|کد مقاله||کد نشریه||سال انتشار||مقاله انگلیسی||ترجمه فارسی||نسخه تمام متن|
|5743297||1412302||2017||6 صفحه PDF||ندارد||دانلود کنید|
â¢Internet-based tools offer a universal method for monitoring public interest in conservation.â¢Onsite metrics provide fine-scale spatiotemporal data on Internet users' behaviour.â¢Internet tools increase sample size and widen the geographic and temporal ranges.â¢Internet tools add reliable information to social surveys at a relatively low cost.
Monitoring public perception of conservation is essential to ensure successful conservation outcomes. However, evaluating attitudes towards conservation projects presents daunting challenges because it is time consuming, expensive and open to social biases and small sample-size errors. Here, we present a recently developed approach to overcome these limitations â Internet-based methods - in particular offsite and onsite metrics. Offsite methods refer to Internet data mining tools that extract Internet search queries, such as Google Trends, while onsite methods refer to programmes that monitor traffic within websites, such as Google Analytics. We explore the potential of these methods rather than focus on the particular details of the case-studies provided to illustrate them. We used offsite methods to determine patterns in public interest in a reintroduced flagship species and in conservation awareness projects in the UK. We employed onsite metrics to assess the success in communicating a conservation outcome and to evaluate the success in online public engagement of a conservation NGO. Our results indicate that both offsite and onsite metrics are able to track changes in public interest across time and space. In particular, onsite metrics provide high levels of temporal and spatial resolution with a high degree of flexibility. These tools could add reliable information to traditional social surveys and represent an opportunity to improve our understanding of the drivers of interest in conservation.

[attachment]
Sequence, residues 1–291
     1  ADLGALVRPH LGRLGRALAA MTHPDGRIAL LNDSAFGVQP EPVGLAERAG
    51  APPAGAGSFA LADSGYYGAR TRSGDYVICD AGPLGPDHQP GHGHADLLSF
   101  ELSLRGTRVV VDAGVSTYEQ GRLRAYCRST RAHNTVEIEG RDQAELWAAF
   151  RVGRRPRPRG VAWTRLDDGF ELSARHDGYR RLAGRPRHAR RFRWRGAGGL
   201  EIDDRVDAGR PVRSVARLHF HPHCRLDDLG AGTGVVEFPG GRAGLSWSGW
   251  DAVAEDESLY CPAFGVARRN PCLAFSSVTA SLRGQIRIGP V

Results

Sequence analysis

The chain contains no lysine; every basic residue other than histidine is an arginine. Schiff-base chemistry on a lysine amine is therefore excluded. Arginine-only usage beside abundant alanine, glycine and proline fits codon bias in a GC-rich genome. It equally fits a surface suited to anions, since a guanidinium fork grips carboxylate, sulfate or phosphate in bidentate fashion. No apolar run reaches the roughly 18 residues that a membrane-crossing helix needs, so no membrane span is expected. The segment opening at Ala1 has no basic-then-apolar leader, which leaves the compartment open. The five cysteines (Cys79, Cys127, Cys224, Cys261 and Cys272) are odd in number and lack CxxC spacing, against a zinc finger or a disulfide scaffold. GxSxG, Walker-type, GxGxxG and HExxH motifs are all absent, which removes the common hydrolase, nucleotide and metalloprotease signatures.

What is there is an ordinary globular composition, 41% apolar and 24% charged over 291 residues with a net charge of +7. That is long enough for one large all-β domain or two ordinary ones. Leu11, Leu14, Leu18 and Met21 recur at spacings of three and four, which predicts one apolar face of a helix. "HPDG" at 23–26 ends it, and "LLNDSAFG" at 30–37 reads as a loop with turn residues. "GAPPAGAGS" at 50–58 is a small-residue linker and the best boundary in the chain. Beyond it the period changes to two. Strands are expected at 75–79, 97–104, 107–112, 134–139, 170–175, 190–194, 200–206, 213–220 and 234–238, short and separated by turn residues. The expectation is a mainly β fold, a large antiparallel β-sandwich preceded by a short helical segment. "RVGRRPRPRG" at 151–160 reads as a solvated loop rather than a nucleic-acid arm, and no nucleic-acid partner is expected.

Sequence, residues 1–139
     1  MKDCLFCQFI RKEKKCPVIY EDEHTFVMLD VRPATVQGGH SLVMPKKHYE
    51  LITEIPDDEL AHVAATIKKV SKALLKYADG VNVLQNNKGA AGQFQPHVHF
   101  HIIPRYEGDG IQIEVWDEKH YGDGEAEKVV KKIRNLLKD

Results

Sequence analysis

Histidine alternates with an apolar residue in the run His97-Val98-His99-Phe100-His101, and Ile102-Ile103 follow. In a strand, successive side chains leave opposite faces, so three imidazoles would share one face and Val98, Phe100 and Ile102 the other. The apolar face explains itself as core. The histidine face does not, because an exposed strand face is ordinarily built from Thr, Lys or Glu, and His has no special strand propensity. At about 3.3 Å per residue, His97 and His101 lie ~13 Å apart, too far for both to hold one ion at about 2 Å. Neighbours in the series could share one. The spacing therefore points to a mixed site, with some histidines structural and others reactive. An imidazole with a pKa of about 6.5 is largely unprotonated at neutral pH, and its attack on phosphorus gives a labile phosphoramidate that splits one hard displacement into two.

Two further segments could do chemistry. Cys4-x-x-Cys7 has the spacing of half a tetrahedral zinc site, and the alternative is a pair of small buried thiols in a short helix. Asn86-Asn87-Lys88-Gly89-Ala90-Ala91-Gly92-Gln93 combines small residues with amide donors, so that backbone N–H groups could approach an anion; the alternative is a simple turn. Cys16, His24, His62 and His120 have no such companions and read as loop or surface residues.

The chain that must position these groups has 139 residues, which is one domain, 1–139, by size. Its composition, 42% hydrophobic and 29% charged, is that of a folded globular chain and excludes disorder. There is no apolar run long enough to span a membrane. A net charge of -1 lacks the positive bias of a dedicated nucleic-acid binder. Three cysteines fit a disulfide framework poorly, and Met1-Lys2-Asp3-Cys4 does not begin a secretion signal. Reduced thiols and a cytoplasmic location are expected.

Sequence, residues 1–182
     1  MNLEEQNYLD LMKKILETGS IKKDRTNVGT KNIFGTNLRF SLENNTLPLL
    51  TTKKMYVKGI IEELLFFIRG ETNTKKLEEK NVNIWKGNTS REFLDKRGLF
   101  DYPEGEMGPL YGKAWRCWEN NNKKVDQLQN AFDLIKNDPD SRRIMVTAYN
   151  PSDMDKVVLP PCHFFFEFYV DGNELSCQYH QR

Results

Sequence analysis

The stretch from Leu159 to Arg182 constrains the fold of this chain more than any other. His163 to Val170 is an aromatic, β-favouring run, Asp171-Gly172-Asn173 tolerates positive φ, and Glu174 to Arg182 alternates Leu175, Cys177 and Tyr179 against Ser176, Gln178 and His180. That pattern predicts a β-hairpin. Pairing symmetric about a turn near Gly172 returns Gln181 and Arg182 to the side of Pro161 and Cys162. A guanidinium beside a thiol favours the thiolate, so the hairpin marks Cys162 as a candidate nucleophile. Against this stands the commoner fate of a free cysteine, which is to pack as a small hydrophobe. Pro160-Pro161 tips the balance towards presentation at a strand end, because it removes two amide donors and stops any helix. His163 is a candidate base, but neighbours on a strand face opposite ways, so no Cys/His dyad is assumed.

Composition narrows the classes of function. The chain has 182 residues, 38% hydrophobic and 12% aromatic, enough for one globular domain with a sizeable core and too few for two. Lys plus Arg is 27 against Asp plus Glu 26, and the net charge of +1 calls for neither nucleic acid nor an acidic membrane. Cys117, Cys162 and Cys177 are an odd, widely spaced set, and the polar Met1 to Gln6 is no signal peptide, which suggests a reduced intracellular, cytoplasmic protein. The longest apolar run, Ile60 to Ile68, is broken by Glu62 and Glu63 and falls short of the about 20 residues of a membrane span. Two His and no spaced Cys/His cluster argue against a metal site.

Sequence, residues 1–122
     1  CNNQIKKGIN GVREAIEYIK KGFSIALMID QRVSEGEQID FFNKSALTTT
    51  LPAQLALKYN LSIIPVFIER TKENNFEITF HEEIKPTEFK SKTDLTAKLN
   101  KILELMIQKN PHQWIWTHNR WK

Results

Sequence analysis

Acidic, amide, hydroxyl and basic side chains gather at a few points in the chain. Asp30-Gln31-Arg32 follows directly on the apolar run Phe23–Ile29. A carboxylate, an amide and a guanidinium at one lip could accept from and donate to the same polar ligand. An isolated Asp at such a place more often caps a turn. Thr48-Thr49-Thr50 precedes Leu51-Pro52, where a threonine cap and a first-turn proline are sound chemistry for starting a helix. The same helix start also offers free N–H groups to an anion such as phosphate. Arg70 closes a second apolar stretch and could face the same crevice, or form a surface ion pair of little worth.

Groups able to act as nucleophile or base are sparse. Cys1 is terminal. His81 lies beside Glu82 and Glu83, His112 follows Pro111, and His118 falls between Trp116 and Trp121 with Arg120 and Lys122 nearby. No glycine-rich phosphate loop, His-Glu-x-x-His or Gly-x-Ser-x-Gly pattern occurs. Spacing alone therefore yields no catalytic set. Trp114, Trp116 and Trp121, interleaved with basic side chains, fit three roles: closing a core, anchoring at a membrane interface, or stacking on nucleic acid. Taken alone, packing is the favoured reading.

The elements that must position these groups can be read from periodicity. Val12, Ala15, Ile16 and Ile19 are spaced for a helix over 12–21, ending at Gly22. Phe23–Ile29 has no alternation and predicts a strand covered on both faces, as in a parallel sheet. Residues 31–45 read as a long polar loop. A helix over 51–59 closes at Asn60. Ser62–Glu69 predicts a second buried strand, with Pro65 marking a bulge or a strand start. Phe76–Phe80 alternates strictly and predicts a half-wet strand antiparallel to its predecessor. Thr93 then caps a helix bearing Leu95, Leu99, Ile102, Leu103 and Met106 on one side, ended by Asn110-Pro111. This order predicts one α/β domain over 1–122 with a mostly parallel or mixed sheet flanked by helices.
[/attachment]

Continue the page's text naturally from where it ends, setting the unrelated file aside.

Journal: Biological Conservation - Volume 206, February 2017, Pages 304-309